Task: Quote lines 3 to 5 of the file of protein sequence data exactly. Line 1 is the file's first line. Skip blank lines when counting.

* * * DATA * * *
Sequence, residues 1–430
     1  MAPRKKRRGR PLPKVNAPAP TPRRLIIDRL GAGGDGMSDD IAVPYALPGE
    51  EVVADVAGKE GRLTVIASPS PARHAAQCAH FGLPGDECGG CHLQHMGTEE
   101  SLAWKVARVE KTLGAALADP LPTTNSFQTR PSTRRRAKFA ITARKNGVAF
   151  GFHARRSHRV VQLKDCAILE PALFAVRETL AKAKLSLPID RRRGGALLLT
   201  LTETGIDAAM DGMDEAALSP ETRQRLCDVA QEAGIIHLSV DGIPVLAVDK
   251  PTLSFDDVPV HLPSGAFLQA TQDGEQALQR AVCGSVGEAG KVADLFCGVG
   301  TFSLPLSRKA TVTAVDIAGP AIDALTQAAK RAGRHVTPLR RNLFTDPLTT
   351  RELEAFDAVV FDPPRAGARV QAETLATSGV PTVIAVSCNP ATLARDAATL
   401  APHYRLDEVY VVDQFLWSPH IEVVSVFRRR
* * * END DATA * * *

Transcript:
    51  EVVADVAGKE GRLTVIASPS PARHAAQCAH FGLPGDECGG CHLQHMGTEE
   101  SLAWKVARVE KTLGAALADP LPTTNSFQTR PSTRRRAKFA ITARKNGVAF
   151  GFHARRSHRV VQLKDCAILE PALFAVRETL AKAKLSLPID RRRGGALLLT